BALTIMORE, M.D. — The Patriots are no longer undefeated, courtesy of Lamar Jackson and the new-look Baltimore Ravens. The Patriots went down early against Baltimore and quickly recovered, but the Patriots offense struggled in the second half.
The Patriots received their first challenging road game in a few weeks with the 5-2 Baltimore Ravens. The Ravens were fresh off a commanding 30-16 victory over the Seattle Seahawks, and returned home to tackle the AFC-leading New England Patriots.
Though the names have changed, New England has a contentious history with the Baltimore Ravens and head coach John Harbaugh. The Ravens were a consistent threat in the AFC Playoffs against New England, knocking New England out of the playoffs in the 2009 and 2012 Playoffs. Since then, the Patriots had won the last three regular and postseason meetings against Baltimore.
The storyline was simple with this history in mind and Baltimore’s hot start to the 2019 season. The Ravens were a new team with a revamped defense, new quarterback in Lamar Jackson at the helm, and a hunger to unsaddle the undefeated, defending champion Patriots at home.
Baltimore set the game’s tempo early with an aggressive mix of run-pass options and designed running plays for Jackson and running back Mark Ingram. Lamar Jackson’s elusiveness in the pocket and willingness to tuck-and-run meant the Patriots had to account for the quarterback on defense more than they ever had this season.
Dual-threat and mobile quarterbacks caused trouble against New England over the years, with names such as Russell Wilson, DeShaun Watson, Patrick Mahomes and Cam Newton either winning or keeping games closer than expected.
New England’s defensive scheme was challenged by the speed and power of Baltimore’s run-heavy offense, and Baltimore became the first team this season to run the ball so successfully against New England. The Ravens counted 210 total rushing yards against New England’s top-ranked defense against the run, nearly three times their average yards per game to this point.
The first quarter was an early sign that Baltimore’s rushing attack were too strong for New England. Lamar Jackson rushed for Baltimore’s first touchdown, a three-yard score that capped a long, tiring drive for New England’s defense.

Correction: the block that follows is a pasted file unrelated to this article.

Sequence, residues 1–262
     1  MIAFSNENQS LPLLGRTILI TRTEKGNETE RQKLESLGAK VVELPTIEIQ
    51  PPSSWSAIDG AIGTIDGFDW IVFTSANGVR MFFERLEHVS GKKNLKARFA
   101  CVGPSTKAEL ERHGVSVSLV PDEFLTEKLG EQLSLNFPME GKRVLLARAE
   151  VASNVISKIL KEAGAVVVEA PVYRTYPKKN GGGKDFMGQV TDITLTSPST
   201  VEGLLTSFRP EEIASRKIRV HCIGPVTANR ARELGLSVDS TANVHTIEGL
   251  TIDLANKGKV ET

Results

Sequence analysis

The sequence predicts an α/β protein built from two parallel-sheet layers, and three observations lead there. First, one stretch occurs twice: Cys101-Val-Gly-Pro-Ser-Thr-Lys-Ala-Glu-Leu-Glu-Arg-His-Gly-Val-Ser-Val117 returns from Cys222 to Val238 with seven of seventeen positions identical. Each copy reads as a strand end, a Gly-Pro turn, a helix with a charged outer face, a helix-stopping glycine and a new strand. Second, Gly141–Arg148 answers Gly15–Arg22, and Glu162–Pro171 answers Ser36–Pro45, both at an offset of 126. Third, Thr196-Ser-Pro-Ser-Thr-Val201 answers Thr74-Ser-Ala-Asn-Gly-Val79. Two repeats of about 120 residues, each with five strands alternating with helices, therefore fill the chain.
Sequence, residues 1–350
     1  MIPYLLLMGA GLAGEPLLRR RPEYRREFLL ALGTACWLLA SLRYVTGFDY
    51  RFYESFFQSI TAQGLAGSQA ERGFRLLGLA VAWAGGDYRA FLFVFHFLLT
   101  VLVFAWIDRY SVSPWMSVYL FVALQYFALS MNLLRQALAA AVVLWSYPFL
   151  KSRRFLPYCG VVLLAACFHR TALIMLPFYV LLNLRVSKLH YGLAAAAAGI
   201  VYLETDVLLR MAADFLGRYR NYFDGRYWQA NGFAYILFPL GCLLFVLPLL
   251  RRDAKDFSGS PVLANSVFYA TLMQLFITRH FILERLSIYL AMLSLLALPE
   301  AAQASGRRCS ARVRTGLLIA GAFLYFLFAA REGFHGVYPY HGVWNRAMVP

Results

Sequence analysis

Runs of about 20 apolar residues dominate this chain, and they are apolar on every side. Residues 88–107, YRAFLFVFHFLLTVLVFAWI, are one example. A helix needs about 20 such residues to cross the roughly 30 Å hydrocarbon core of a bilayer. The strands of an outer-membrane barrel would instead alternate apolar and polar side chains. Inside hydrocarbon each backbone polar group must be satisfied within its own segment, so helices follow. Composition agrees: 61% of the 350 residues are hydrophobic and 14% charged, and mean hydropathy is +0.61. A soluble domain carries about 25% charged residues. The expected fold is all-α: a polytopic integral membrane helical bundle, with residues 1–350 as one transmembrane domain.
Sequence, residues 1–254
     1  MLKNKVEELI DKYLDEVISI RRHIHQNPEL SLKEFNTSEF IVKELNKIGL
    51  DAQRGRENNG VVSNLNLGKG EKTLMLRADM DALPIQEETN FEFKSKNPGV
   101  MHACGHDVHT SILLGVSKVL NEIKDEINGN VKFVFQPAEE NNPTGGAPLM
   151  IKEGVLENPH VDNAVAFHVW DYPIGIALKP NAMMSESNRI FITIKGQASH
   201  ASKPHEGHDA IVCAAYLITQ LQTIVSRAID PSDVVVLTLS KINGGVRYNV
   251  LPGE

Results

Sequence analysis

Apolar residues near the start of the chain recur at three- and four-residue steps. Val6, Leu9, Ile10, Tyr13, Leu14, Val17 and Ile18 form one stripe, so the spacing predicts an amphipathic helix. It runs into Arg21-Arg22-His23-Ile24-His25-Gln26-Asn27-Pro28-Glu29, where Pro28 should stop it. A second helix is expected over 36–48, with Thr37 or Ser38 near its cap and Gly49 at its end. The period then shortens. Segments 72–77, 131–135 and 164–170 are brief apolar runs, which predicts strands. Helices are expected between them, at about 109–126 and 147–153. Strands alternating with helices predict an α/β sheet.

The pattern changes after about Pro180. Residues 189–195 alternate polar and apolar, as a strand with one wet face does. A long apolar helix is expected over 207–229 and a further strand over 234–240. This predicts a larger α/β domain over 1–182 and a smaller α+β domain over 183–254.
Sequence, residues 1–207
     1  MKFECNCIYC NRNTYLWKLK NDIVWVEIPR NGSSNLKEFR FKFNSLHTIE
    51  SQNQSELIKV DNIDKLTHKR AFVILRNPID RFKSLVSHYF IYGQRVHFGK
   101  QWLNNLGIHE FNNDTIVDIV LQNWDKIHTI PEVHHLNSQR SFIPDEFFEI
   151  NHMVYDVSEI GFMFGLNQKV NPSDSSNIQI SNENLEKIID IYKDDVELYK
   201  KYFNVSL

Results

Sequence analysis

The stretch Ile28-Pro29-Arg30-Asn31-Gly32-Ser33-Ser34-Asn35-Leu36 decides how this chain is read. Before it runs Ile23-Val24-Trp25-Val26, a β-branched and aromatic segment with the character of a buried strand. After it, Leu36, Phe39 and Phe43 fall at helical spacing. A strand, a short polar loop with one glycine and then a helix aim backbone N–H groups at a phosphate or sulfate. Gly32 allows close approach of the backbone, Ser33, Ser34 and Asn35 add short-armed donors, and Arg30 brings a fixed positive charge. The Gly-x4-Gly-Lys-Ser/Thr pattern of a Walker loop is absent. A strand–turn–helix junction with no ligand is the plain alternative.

The lead extended to 17-0 early in the second quarter with another lengthy drive and a 17-yard Gus Edwards rushing touchdown. This was almost the point of no return for the Patriots, though luck and persistence kept them within range in the second quarter.
The Patriots offense drove to Baltimore’s 34-yard line before falling short on third down. Belichick made the choice between a 51-yard field goal attempt by newly-signed kicker Nick Folk, or a short punt that would pin Baltimore deep in their own territory up 17-7. The Patriots elected to punt, and the decision paid off.
On the second play of the drive, Ravens running back Mark Ingram fumbled the ball for New England to recover, setting up an excellent opportunity for the Patriots offense. The Patriots failed to capitalize on this opportunity beyond a short field goal, though they narrowed the gap to 17-10, Ravens.
Turnovers were the deciding factor in the game. New England punted on their next offensive drive, then former Patriots Cyrus Jones lost control of the punt for Baltimore to set up another open opportunity for New England to crawl back into the game. New England drove to Baltimore’s two-yard line, but elected to kick another field goal to take a 17-13 deficit into halftime.
While New England’s second quarter was fortunate, they quickly lost their momentum in the second half. New England started with the ball in the second half and built another solid drive when it was needed, but it was all for naught when receiver Julian Edelman fumbled the ball after a big catch. Ravens cornerback Marlon Humphrey recovered the ball and ran it back untouched to give Baltimore a 24-13 lead.
Despite these mistakes, the game was not yet decided. The Patriots finally reached the end zone with another key drive and a James White rushing touchdown. At 24-20 and eight minutes left in the third quarter, the Patriots started to look like usual.
However, New England’s defense was worn down by this point. A series of key rushing plays set Baltimore to score a game-deciding touchdown pass from Jackson to Nick Boyle.
The Patriots still had time in the fourth quarter, but they were unsuccessful. Ravens safety Earl Thomas intercepted a deep pass from Brady to seal the upset victory for Baltimore.
New England falls to 8-1, still the best in the AFC, and enters a bye week. The Patriots travel to Philadelphia to play the Eagles on Nov. 17 at 4:25 p.m.